While some have raised concerns about where Google pays taxes, Google’s overall global tax rate has been over 23 percent for the past 10 years, in line with the 23.7 percent average statutory rate across the member countries of the Organization for Economic Co-operation and Development (OECD). Most of these taxes are due in the United States, where our business originated, and where most of our products and services are developed. The rest we paid in the roughly fifty countries around the world where we have offices helping to sell our services.

We’re not alone in paying most of our corporate income tax in our home country. That allocation  reflects long-standing rules about how corporate profits should be split among various countries. American companies pay most of their corporate taxes in the United States—just as German, British, French and Japanese firms pay most of their corporate taxes in their home countries. 

For over a century, the international community has developed treaties to tax foreign firms in a coordinated way. This framework has always attributed more profits to the countries where products and services are produced, rather than where they are consumed. But it’s time for the system to evolve, ensuring a better distribution of tax income.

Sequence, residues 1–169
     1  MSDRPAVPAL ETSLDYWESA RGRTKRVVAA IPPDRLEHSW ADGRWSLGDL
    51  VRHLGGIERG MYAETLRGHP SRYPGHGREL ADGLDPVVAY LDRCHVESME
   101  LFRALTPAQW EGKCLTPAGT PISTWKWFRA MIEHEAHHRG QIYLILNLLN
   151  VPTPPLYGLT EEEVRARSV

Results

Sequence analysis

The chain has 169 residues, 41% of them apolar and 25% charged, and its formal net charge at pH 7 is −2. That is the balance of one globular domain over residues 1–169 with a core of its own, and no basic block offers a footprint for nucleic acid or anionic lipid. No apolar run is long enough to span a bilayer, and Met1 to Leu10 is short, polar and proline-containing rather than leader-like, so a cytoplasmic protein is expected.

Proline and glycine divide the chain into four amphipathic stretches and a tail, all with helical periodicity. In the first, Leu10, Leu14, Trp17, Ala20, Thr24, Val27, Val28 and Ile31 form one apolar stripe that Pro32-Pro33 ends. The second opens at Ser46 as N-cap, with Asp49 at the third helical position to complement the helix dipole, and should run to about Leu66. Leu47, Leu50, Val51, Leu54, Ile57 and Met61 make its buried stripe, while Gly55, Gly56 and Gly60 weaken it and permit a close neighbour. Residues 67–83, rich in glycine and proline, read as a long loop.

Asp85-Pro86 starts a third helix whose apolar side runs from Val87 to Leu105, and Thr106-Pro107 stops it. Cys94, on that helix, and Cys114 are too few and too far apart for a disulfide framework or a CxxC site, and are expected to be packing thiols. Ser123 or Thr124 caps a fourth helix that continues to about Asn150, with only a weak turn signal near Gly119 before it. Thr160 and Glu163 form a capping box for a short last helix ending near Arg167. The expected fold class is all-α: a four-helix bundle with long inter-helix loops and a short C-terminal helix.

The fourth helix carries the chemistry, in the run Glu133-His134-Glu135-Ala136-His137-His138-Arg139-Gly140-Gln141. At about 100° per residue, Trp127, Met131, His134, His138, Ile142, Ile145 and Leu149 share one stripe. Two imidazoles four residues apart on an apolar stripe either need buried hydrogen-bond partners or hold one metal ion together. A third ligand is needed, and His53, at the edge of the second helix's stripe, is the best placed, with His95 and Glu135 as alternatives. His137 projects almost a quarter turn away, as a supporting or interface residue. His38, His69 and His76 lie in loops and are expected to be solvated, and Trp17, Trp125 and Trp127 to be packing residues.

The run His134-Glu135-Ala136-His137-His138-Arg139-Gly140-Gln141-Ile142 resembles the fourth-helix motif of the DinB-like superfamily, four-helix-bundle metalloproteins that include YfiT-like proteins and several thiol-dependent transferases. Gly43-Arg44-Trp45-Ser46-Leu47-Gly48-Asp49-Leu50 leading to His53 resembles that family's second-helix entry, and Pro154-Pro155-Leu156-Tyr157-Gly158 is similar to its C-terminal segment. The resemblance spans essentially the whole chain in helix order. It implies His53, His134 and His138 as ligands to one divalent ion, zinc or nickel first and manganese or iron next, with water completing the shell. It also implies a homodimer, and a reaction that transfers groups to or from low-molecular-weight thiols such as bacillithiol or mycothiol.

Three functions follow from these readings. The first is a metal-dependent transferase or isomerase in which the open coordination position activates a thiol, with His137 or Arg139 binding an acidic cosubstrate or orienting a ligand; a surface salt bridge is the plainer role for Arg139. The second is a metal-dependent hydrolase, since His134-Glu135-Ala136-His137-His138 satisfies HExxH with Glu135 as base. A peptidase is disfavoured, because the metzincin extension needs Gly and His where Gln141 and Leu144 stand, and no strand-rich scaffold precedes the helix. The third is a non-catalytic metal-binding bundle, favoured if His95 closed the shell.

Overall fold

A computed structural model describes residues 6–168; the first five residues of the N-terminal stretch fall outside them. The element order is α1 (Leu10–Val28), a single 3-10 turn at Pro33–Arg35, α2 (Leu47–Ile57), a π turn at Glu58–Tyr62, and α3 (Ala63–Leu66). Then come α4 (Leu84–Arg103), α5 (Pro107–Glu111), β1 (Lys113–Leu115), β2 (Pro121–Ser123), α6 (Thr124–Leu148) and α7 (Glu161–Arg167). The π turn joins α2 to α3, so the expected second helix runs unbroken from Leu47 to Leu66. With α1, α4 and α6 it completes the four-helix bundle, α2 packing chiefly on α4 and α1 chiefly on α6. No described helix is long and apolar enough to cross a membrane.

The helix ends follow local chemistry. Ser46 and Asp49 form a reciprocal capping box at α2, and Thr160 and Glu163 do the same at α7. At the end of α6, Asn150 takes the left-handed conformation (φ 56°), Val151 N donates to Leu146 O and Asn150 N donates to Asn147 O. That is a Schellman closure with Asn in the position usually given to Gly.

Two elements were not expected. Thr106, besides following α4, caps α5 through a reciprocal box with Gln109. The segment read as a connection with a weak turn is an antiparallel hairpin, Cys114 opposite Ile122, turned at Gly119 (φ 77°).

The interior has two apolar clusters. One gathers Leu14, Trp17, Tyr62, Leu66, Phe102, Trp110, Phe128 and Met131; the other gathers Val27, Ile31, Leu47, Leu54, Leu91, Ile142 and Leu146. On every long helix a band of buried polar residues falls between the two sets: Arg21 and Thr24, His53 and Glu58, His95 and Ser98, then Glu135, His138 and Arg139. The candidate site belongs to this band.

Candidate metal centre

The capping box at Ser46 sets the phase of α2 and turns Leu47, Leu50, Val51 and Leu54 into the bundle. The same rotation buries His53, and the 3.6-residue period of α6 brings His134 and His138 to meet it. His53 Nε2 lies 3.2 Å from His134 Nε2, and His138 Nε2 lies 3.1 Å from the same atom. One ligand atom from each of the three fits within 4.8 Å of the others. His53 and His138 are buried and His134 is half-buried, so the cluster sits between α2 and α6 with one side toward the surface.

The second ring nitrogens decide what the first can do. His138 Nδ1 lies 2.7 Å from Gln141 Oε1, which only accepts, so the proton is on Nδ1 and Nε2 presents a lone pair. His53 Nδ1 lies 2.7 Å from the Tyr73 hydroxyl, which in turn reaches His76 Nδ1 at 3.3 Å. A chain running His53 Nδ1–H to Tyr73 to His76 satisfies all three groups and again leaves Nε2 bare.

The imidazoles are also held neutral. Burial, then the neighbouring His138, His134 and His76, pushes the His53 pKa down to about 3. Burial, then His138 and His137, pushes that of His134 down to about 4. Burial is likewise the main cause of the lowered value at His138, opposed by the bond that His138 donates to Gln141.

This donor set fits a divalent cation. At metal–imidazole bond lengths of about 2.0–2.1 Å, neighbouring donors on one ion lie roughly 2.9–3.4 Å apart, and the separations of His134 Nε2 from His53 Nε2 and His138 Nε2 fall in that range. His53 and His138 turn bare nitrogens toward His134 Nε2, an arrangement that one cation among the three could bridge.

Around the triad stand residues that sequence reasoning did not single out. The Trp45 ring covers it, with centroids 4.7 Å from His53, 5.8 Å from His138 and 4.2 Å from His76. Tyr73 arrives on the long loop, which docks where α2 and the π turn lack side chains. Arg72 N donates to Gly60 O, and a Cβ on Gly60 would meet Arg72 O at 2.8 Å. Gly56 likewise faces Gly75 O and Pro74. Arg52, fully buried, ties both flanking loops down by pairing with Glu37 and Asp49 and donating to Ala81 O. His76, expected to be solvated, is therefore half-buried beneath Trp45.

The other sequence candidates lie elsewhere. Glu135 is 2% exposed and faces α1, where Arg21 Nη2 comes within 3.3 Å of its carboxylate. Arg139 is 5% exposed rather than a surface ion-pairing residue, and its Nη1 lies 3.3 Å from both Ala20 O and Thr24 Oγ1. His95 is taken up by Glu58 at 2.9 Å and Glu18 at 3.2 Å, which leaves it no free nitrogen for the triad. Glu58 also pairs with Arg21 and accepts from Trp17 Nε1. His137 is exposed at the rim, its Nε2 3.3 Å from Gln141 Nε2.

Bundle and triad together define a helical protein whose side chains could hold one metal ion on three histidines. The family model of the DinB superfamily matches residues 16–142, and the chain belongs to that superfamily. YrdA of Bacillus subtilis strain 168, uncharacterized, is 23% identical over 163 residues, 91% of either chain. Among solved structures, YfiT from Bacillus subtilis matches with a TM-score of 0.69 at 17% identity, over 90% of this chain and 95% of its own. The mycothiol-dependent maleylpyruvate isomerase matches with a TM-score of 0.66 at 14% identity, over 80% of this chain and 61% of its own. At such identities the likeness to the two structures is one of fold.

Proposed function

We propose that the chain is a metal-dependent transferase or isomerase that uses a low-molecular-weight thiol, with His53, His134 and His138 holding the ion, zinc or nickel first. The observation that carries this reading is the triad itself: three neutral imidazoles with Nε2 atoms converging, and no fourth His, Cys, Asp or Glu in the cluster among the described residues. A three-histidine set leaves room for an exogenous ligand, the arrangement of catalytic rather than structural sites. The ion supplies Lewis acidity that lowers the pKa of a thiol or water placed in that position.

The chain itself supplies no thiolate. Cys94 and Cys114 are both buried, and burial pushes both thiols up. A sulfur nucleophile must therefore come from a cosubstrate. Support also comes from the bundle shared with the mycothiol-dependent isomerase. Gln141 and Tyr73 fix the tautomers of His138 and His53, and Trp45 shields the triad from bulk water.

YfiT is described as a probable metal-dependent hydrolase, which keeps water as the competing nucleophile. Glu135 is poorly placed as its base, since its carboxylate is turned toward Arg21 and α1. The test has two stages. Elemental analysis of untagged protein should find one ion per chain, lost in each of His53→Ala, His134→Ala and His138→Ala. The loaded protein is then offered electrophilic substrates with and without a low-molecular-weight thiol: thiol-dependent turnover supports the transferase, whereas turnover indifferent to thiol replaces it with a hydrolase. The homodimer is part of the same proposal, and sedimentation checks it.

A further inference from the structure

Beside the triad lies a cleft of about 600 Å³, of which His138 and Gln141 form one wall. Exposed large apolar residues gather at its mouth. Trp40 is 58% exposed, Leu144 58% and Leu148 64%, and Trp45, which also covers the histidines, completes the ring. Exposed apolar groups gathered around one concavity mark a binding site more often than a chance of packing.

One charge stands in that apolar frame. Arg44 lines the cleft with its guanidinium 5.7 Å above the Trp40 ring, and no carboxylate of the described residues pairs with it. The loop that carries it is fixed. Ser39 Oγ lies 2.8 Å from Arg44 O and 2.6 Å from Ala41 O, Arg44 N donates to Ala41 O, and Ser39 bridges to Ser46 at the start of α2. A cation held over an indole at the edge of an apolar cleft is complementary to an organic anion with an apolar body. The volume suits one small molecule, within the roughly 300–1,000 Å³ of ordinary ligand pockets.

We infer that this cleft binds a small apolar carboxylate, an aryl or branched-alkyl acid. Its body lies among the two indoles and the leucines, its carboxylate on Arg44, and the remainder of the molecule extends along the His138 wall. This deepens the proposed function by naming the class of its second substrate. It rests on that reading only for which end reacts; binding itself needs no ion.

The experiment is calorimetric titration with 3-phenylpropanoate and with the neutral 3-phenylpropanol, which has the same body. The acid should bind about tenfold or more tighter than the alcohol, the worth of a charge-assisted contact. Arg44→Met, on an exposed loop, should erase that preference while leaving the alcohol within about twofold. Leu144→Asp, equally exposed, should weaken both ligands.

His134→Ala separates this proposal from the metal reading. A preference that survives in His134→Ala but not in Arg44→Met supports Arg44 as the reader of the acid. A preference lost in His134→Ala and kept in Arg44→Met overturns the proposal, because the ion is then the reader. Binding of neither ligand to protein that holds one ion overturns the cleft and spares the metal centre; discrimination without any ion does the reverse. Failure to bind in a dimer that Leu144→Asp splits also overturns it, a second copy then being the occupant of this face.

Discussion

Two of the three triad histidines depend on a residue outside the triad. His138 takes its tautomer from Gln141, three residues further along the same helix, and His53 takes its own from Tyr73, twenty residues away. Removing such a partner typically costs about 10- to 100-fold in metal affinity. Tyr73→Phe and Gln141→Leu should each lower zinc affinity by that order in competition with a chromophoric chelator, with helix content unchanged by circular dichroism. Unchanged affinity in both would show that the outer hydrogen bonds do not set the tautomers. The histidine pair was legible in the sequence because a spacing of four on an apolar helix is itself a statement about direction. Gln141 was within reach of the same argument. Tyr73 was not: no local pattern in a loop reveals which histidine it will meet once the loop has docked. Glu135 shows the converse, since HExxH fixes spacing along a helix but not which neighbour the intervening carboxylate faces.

The United States, Germany, and other countries have put forward new proposals for modernizing tax rules, with more taxes paid in countries where products and services are consumed. We hope governments can develop a consensus around a new framework for fair taxation, giving companies operating around the world clear rules that promote a sensible business investment.

The need for modernization isn’t limited to the technology sector. Both the OECD and a group of EU experts have concluded that the wider economy is “digitizing,” creating a need for broad-based reform of current rules. Almost all multinational companies use data, computers, and internet connectivity to power their products and services. And many are seeking ways to integrate these technologies, creating “smart” appliances, cars, factories, homes and hospitals.